Payment banks have wider reach

In 2015, the Reserve Bank of India (RBI) approved applications for 11 payment banks (PB) and subsequently three applicants opted out. The Airtel Payment Bank was the first PB to commence operations from November, 2016. The India Post Payment Bank was launched on January 30,2017. Paytm Payment Bank is likely to open soon.

As per Banking Regulation Act, ‘banking’ means accepting, for the purpose of lending or investment, money from the public, repayable on demand or otherwise, and withdrawable by cheque, draft or otherwise. The PBs are not permitted to lend (except to own employees).

Not less than 75% of demand deposit as on three working days prior is to be invested approved government securities/treasury bills with maturity up to one year and not more than 25% with the scheduled commercial banks (SCBs). The investments/deposits with SCBs shall not be less than 100% of the demand deposits.

Only savings and current accounts (SA, CA) with aggregate limit of Rs 1 lakh per customer is permitted. Arrangements for sweeping excess amount, with the consent of the customer, with any other banks can be made. The PBs need not issue passbooks, may provide statement in paper form on request (may be on chargeable basis) as well as information through multiple modes such as SMS/internet banking. They should provide confirmation through SMS/e-mail/printed proof for account transactions.

The PBs mostly adopt single product approach, have wide reach (especially for prompted by mobile companies), lesser incremental cost of operations, ease for KYC compliance and no pressure on asset liabilities management. Credit risk management is not applicable, but is subjected to market risks, operational risk, liquidity risk and strategic and reputational risk. The core challenges are effective business models optimising the distribution networks and creating real value for their customers.

The Airtel Payment Bank is a joint venture between Bharti Airtel and Kotak Mahindra Bank; it offers interest of 7.25% on SA - more than term deposit interest of many SCBs. With 4% CRR carry cost, effective cost comes to 7.55%. The funds mobilised kept in T-bills is at interest of about 6.25% and in SCBs with lesser than 7.55%. The net interest income from the deposits mobilised is likely to be negative. The bank cannot sustain the savings interest of 7.25%. May be to mobilise more accounts, higher rate is now offered. As there is no minimum balance requirement, no charges are applicable for non-maintenance
of minimum balance. Account opening process is simplified and mobile number of Airtel customers is the account number.

Customers should be aware of the services provided and charges thereon. Free services include: account opening, cash load (Internet banking, mobile app and banking points); funds transfer within the bank and to other banks (internet banking, mobile banking app) up to Rs 1,000. For fund transfer above Rs 1,000 charges will be at 0.50%. Heavy charges (0.65%) are levied for cash withdrawal of Rs 4,000 and above and for others on slab basis (Re 1 to Rs 25). Limits are fixed for number of transactions.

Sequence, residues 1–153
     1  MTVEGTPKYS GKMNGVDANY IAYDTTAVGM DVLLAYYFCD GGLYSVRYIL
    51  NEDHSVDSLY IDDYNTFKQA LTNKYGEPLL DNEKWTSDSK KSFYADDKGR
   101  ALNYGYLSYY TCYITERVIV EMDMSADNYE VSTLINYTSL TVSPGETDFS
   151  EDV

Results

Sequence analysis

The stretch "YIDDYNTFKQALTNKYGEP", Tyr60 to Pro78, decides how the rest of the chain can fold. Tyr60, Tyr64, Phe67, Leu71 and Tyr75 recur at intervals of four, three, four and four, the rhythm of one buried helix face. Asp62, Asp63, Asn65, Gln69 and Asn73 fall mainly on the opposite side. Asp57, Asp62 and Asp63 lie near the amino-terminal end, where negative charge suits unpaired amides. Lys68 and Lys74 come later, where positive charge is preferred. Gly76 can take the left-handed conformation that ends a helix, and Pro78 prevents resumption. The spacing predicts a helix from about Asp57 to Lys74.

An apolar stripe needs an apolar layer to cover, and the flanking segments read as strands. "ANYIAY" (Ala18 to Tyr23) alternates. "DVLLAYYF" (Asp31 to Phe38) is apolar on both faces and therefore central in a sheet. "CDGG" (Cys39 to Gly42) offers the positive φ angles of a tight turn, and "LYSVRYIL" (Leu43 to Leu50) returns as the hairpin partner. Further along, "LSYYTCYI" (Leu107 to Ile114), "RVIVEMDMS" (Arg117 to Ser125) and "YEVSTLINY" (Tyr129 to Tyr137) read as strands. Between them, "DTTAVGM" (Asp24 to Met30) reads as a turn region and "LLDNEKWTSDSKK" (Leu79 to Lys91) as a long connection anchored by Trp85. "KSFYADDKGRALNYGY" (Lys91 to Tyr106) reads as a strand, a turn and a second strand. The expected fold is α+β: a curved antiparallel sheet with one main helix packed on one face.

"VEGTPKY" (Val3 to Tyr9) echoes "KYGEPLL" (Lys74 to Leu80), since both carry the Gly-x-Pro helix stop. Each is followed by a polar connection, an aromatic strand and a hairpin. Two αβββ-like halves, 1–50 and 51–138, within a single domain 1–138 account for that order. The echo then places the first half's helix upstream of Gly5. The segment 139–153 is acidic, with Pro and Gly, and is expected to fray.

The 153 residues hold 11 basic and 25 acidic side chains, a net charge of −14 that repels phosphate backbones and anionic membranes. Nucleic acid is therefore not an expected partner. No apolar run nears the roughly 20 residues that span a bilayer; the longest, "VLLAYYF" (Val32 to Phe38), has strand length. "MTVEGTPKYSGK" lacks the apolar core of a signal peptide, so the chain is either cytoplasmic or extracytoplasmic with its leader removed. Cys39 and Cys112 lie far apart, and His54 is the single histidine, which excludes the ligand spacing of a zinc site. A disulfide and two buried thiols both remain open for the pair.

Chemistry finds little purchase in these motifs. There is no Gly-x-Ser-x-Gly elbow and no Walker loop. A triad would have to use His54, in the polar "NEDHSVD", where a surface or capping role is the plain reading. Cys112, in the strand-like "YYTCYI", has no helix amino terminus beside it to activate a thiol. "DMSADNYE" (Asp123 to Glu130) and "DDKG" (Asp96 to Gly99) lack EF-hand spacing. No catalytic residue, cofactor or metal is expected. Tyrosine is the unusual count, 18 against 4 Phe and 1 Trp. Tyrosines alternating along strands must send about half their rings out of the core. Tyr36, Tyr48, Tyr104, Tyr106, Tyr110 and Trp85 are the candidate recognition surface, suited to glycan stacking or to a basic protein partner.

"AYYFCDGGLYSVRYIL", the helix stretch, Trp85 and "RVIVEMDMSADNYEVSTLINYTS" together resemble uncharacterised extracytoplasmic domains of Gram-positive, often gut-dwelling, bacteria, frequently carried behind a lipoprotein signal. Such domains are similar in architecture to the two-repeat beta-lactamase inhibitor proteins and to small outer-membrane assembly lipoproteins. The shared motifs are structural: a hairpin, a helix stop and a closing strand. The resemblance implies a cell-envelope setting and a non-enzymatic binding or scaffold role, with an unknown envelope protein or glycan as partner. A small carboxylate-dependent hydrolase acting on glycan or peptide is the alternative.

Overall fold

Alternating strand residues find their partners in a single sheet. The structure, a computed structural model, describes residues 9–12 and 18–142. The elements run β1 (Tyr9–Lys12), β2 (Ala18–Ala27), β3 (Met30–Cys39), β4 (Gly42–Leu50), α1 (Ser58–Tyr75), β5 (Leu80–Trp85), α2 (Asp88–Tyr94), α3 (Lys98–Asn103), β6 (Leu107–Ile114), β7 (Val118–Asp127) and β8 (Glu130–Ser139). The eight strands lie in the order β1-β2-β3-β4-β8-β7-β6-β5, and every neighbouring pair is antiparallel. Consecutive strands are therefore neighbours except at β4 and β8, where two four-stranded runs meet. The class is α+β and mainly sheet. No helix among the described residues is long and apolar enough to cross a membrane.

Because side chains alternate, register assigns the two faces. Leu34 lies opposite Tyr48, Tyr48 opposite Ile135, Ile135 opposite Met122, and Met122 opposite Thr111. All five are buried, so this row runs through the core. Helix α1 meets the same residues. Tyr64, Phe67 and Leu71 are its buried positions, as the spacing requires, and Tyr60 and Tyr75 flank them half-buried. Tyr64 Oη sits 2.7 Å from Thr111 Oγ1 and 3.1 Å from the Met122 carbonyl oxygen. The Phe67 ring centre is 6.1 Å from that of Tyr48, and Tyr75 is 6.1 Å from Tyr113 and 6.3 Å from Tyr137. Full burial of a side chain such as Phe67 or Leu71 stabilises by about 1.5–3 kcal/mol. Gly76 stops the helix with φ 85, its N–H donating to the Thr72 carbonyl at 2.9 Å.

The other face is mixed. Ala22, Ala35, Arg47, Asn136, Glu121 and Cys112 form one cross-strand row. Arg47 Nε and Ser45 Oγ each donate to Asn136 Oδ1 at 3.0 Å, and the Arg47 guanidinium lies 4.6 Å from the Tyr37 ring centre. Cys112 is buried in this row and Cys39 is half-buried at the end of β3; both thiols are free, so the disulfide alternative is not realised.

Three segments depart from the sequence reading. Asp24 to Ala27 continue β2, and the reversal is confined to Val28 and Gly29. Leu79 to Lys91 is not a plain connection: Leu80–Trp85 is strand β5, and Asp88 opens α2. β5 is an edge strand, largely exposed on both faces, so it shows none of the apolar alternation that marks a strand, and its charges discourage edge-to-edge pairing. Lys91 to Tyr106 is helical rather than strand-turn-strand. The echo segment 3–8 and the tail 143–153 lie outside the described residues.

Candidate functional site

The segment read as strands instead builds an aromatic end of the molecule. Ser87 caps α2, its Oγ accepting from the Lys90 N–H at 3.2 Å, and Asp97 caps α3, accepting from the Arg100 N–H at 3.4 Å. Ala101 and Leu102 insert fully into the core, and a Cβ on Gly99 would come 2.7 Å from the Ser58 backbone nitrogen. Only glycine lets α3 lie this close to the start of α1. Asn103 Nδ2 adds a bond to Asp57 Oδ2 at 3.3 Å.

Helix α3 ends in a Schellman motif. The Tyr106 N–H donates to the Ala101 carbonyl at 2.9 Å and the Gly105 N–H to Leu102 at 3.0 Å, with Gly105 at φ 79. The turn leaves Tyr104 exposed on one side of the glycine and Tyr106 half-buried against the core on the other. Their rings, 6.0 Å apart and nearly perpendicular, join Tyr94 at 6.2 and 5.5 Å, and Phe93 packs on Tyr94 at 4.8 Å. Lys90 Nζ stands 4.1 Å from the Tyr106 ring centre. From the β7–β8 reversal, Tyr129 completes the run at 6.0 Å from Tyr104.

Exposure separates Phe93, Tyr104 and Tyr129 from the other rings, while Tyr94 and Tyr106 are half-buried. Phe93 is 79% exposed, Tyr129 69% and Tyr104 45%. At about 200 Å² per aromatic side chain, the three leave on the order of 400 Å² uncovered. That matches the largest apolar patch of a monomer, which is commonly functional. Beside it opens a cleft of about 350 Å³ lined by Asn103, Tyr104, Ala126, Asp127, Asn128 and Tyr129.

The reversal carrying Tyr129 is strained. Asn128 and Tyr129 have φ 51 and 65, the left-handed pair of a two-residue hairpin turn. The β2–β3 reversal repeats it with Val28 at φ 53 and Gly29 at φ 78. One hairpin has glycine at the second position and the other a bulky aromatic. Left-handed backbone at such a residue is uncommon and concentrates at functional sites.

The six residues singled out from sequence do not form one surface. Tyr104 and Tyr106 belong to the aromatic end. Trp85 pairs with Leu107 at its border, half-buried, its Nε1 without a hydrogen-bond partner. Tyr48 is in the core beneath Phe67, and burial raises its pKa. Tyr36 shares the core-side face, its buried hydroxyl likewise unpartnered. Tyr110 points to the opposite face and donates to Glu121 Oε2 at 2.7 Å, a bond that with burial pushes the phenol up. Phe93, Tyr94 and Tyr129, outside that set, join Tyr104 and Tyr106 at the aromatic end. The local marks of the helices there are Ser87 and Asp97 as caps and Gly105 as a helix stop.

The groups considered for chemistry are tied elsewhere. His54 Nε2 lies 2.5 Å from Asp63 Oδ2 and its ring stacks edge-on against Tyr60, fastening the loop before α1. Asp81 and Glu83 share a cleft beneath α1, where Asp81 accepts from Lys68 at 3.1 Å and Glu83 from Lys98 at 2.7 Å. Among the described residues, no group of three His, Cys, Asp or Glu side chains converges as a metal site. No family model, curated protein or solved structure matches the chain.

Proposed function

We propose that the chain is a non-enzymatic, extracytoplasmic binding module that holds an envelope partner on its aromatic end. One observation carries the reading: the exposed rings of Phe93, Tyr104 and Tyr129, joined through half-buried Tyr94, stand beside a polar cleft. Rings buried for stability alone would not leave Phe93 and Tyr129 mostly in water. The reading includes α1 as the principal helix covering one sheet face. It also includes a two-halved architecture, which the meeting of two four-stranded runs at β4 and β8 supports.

Digital wallet
Basic requirements of a typical SA customers like cheque facility, ATM card, term deposits, keeping balance above Rs 1 lakh etc, are not available. Deposits are safe. The motive is to digitise cash and provide access to small income households especially in unbanked areas capitalising on mobile connectivity. The SA is not a substitute for a regular SA with SCBs.

Instead of keeping money in digital wallet, funds can be parked in the SAs and earn interest of 7.25%. Therefore, one can expect flow of funds from digital wallet to SA of such PBs.

India Post Payment Bank (IPPB) was launched with a 100% government equity and a total corpus amount of Rs 800 crore (Rs 400 crore equity and Rs 400 crore grant). When a 150+ year old government organisation with more than 1.55 lakh post offices (most widely distributed network in the world) opens a bank, it is a real challenge to the existing banks.

The IPPB is likely to have around 650 branches by September 2017. Three lakh postmen will be more alive when the bank starts functioning in full scale.

The bank provides higher interest rate on SA at 4.5%, services like cheque book facility, ATM cards (with per day limit of Rs 25,000/transaction limit of Rs 10,000), free ATM transactions at 1,000 India Post ATMs and Punjab National Bank’s over 9,000 ATMs and three monthly transactions at other banks’ ATMs, funds transfer, door step banking (for a fee Rs 15–Rs 35) etc. Regular SA has initial deposit of Rs 100 and there is no minimum balance requirement. In due course, IPPB will also provide CA and access to third party financial services like insurance, mutual funds, pension, credit products, forex etc.

Considering the product offering of IPPB, many lower and middle class households may open SAs with it. People can also substitute their digital wallet with SA payment banks promoted by mobile operators.

(The writer, a former banker, is part of Banking Faculty, ICICI Manipal Academy, Bengaluru)

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